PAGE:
Like many a film fan, last year I set myself the goal of watching #52FilmsByWomen. While I fell just short of the target – one film shy, in fact – focusing on female filmmakers was an edifying experience. Of the movies I watched, I saw my fair share of masterpieces and mediocrities, but it soon became clear how overriding the male perspective is in the cinematic medium – and the subtle power of a different perspective.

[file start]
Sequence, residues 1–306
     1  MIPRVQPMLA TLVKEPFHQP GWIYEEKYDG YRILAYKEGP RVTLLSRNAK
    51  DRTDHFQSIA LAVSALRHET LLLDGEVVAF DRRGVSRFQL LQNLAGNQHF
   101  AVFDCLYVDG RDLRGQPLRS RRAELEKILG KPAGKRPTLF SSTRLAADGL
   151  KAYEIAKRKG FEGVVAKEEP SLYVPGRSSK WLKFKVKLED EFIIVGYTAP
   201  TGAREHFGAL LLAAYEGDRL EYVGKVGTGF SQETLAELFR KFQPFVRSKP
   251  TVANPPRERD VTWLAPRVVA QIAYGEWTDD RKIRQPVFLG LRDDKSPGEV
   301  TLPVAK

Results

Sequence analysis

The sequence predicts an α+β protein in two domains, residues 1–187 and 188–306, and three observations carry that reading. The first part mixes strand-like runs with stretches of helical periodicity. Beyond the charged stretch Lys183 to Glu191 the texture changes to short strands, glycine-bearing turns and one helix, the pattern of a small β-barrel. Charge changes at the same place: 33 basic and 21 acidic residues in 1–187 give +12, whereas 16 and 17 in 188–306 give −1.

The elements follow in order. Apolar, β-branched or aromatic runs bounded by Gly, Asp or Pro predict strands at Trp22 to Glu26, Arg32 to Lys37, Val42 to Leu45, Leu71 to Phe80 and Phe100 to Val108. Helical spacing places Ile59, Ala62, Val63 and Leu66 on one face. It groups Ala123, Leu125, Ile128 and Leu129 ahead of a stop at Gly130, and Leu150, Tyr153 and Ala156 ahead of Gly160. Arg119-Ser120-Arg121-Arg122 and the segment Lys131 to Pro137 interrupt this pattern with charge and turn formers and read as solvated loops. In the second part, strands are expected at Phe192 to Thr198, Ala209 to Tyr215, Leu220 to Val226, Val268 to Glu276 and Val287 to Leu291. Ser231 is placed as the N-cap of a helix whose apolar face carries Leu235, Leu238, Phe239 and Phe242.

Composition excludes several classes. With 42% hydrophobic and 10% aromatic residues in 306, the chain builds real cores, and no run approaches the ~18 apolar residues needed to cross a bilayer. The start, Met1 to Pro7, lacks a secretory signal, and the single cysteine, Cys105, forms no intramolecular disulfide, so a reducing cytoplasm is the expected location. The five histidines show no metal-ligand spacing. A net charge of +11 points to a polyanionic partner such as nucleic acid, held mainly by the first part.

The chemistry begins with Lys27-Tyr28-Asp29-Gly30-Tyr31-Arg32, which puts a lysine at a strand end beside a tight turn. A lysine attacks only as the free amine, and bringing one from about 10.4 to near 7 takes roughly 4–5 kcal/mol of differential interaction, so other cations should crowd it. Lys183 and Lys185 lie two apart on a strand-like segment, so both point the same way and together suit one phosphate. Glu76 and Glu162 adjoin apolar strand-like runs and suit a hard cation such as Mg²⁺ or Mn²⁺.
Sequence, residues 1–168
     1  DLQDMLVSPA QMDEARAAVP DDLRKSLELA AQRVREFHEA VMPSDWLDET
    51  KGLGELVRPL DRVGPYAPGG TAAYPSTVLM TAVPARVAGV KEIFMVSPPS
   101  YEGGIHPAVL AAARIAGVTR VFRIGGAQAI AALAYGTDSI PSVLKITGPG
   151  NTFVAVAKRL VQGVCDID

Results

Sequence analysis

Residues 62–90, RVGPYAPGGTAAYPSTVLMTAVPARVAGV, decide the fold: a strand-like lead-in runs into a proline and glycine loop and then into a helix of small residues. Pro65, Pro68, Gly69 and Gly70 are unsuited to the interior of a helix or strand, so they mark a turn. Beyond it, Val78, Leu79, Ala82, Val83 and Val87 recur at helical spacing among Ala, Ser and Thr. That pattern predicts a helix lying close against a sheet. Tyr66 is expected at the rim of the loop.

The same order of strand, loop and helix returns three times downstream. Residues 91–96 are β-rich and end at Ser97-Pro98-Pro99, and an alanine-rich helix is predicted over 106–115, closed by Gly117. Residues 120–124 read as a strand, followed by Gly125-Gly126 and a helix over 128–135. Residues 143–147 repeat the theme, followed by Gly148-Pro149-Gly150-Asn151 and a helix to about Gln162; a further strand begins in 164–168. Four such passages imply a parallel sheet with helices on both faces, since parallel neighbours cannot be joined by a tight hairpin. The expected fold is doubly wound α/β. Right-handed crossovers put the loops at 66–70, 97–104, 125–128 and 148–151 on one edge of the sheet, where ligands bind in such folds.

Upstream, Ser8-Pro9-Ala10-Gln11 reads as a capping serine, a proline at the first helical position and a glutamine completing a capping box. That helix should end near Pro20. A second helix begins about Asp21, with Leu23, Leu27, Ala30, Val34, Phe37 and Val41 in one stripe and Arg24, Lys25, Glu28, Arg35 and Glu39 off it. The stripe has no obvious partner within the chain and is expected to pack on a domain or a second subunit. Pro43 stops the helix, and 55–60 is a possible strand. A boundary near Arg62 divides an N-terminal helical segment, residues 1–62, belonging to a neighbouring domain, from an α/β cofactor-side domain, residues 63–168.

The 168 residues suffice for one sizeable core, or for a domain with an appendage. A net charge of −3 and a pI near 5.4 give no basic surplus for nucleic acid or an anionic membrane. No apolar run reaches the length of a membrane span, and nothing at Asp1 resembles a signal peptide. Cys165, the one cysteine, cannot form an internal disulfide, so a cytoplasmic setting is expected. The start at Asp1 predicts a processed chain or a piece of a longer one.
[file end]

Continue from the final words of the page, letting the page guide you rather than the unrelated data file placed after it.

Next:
That’s clarified in a film like La Belle Saison (clumsily translated as Summertime in most English-speaking countries), which lends life to a familiar premise by avoiding familiar footfalls. The premise reads like arthouse erotica: a French farmgirl moves to Paris, falls in love with another woman, has a lot of sex. But rather than play to male desires, Corsini embeds the story in feminist mores. Her lovers (Cécile De France and Izïa Higelin) meet in a woman’s group actively engaged in womens’ rights activism, and their relationship goes on to encompass questions of class and economics. Even the frequent nudity avoids feeling exploitative: little touches like the lighting, or the characters’ armpit hair, set it apart from the leering often found in this subgenre. Simple, but memorable.